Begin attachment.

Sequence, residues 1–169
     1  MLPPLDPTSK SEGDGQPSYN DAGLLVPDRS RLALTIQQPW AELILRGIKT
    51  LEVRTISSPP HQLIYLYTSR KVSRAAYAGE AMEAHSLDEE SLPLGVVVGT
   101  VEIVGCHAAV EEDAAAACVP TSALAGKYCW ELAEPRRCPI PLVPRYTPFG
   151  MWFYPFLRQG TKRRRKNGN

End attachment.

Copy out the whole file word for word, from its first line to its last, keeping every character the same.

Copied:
Sequence, residues 1–169
     1  MLPPLDPTSK SEGDGQPSYN DAGLLVPDRS RLALTIQQPW AELILRGIKT
    51  LEVRTISSPP HQLIYLYTSR KVSRAAYAGE AMEAHSLDEE SLPLGVVVGT
   101  VEIVGCHAAV EEDAAAACVP TSALAGKYCW ELAEPRRCPI PLVPRYTPFG
   151  MWFYPFLRQG TKRRRKNGN